- The Commission would want to consider how certain other countries are addressing these issues, across the spectrum. Companies that provide communications services often serve a global market, and so the issues relating to digital communications and lawful government access cannot be observed in a U.S.-only silo.
The goal of the Commission’s work should be to create a common narrative, that can frame recommendations to move the public dialogue beyond the debate stage. The Commission will need to make specific legislative and policy recommendations. Importantly, the Commission’s work in this regard should be one of identifying actual problems, and then making recommendations that are responsive to those problems.
Two final observations that might inform how the Commission approaches its task, if enacted:
First, the Commission could potentially help lessen (as it is unlikely to reverse) the shift towards adversarial process in this space. The Commission’s work will necessarily reside at the intersection of technology, surveillance, law enforcement, national security, privacy and civil liberties. As I have previously noted:
[O]ne of the most significant, long-term, and damaging effects of the [Snowden] disclosures, from a national security perspective, may turn out to be the loss of productive cooperation between the government and the private sector, pursuant to lawful process, in order to enable the government to protect the nation from critical national security threats.
We have seen this adversarial relationship play out recently in the Apple/FBI litigation. Each side may claim it “won” in some regard (Apple “stood up” to the government; the FBI accessed the San Bernardino phone in the end). But I think everyone came out of it banged up: the FBI is perceived by some in the privacy and technology communities as being either technically incompetent or dishonest. Apple, on the other hand, is now publicly exposed as designing and selling a product with a security vulnerability, when security of that device was a significant component of its marketability.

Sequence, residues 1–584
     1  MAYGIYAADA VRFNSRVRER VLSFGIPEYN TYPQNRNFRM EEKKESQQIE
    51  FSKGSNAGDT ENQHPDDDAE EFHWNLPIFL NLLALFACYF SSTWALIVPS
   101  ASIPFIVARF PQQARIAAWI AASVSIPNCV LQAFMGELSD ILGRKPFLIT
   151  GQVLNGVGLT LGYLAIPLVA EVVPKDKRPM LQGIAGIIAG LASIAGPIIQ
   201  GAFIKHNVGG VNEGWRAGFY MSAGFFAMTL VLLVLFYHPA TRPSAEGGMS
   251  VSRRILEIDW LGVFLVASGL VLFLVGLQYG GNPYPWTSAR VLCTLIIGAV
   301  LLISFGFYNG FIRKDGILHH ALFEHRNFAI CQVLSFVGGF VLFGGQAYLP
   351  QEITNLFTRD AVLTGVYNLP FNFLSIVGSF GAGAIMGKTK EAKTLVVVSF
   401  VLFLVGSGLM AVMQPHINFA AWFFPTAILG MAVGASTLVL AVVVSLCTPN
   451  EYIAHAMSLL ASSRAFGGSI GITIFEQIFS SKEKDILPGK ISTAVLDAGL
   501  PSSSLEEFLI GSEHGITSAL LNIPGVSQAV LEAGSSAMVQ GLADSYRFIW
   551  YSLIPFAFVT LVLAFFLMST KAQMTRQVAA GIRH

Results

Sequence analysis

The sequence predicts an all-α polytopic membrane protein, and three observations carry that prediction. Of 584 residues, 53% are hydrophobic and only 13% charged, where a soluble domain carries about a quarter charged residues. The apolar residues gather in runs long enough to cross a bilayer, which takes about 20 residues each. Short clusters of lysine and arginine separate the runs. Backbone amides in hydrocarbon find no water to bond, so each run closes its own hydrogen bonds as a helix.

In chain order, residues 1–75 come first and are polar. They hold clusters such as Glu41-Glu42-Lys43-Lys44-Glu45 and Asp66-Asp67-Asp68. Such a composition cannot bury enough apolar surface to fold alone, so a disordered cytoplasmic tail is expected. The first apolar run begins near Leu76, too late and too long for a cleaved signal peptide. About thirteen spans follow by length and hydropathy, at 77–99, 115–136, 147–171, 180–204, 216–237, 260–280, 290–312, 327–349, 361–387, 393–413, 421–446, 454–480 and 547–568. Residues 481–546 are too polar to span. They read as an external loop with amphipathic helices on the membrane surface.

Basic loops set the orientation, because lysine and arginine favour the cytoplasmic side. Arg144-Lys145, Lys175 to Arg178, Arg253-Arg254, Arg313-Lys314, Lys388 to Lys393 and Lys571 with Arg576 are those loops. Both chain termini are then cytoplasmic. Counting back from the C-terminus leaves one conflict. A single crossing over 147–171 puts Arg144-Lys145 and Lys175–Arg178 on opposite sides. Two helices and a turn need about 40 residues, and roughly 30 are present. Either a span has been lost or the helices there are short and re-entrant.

The device security arms race is on. And, as we know from other arms races, “winning” can mean everyone loses.
Second, our legislative and policy efforts in the surveillance and privacy space must more openly acknowledge that we are living through - from a societal, economic and market perspective – the Digital Revolution. As a result, we probably will not, in the next year or two, come up with a legislative solution that will last a quarter century. And that’s ok.
A little history underlying this approach might be useful:
The Foreign Intelligence Surveillance Act (FISA) was passed in 1978, and represented a major legislative achievement to protect privacy and civil liberties while enabling domestic national security surveillance to take place under a statutory framework. The government, from a national security perspective, subsequently enjoyed a period of relative stability under the law for approximately twenty years. While there were minor amendments to FISA in the 1990s, and one major one in 1994 when the authority to authorize physical searches was added, the government, basically, had a pretty good run in terms of the system working as it was designed. More or less, the executive branch was able to employ legal authorities in a way that met its responsibilities. The legal framework adequately protected privacy and civil liberties.